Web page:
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What DEQ didn’t tell you

Posted on Thursday, September 28, 2017 at 11:52 am

“I think the title of this presentation should be, ‘The things DEQ didn’t tell you about.’” said Resource International’s Charlie Redlinger, as he updated the Westmoreland Supervisors on conditions required to obtain a groundwater withdrawal permit from the Department of Environmental Quality (DEQ), for the Industrial Park Water System.

The DEQ has given Westmoreland County eight years to perform certain conditions in order to receive their groundwater withdrawal permit. If a locality extracts more than 300,000 gallons in a month, a withdrawal permit is required from the DEQ.

Through the State Water Control Board, the Virginia DEQ, regulates water resources and water pollution in Virginia. The DEQ designates areas for water control if it finds there is a risk of depletion, competition between wells, groundwater is being overused or for risk of contamination.

“We all knew that a groundwater withdrawal permit was required, Redlinger said. “The things we knew about was that they would take the 12 worst months. That is what the allocation will be. What they didn’t tell you about was there are going to be conditions attached to that permit, and conditions always cost money.”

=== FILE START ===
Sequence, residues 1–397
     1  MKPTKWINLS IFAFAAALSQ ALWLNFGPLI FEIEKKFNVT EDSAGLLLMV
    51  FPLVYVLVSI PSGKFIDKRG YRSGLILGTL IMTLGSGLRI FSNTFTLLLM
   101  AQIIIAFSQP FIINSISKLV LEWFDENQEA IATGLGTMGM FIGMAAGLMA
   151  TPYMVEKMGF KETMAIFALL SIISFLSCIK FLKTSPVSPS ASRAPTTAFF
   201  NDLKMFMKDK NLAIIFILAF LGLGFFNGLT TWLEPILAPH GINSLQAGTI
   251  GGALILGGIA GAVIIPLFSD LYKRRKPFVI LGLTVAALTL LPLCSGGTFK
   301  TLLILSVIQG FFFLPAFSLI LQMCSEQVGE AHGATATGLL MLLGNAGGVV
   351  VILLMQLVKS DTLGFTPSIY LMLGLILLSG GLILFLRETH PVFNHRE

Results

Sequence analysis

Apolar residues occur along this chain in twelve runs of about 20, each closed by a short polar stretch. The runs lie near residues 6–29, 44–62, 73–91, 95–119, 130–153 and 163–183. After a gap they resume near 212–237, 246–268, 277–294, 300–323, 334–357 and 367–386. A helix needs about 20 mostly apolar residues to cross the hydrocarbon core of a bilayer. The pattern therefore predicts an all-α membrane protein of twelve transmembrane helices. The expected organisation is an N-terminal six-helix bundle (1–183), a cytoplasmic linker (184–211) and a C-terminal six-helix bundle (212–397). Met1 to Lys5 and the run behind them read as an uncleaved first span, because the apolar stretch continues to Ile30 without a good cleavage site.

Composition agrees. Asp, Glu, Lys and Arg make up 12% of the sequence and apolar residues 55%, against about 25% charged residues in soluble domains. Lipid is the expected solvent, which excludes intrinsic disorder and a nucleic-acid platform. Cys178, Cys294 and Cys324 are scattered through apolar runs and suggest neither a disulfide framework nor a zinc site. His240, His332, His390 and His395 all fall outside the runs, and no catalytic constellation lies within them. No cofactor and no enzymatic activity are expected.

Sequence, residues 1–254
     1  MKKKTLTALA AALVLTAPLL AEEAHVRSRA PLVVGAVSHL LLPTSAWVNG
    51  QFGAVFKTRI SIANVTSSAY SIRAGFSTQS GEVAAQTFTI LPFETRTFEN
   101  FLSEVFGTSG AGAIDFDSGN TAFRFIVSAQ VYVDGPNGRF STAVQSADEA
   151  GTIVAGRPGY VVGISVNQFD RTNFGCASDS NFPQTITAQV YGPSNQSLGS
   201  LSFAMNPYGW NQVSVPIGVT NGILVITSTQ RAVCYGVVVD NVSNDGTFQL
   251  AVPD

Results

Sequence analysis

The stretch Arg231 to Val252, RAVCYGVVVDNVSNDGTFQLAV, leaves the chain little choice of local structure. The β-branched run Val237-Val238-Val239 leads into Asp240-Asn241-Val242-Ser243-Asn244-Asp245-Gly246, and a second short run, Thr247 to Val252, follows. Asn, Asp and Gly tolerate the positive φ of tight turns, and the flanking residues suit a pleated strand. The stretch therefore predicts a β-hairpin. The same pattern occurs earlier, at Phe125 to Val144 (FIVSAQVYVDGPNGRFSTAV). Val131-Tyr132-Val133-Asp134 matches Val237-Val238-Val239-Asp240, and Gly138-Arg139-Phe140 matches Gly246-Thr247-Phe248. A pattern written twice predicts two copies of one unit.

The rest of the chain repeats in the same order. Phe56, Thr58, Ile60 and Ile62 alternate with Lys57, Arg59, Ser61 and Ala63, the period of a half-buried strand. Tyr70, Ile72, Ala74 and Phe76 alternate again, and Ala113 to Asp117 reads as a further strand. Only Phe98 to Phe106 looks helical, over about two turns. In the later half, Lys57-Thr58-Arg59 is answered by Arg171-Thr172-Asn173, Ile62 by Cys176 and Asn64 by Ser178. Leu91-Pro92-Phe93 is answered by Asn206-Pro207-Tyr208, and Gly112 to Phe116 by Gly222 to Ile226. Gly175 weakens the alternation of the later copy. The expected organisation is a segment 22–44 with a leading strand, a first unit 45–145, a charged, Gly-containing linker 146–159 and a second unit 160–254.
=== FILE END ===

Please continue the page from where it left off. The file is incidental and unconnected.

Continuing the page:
The DEQ states that all permits may include any of the following restrictions or conditions; specific limits on withdrawal amounts; require geophysical investigations; require instillation of water meters; reporting of withdrawal and water quality data; development of a water conservation and management plan; development of a mitigation plan and require instillation of monitoring wells.

In order to obtain a groundwater withdrawal permit, Westmoreland County must close three wells and build a new one in eight years time.

Redlinger said, “Conditions include closing of the Scovill well, which you are not using anyway. Also closing of a well that nobody could find at the old A.T. Johnson school, and the fact that you would have to close your existing AT Johnson well.”

The reason the existing well has to be closed and a new well dug is current regulations state that there can be no seepage between aquifers in order to reduce contamination.
Redlinger said, “The fact is that the regulations for DEQ for drilling a well, there’s to be no interface between the different aquifers. Up until now, most wells have been gravel packed wells, which means you drill a well and you put gravel around it so from one aquifer to the other, water could seep through. That is no longer permissible.”

Read more of this story in the September 27 issue of the Westmoreland News.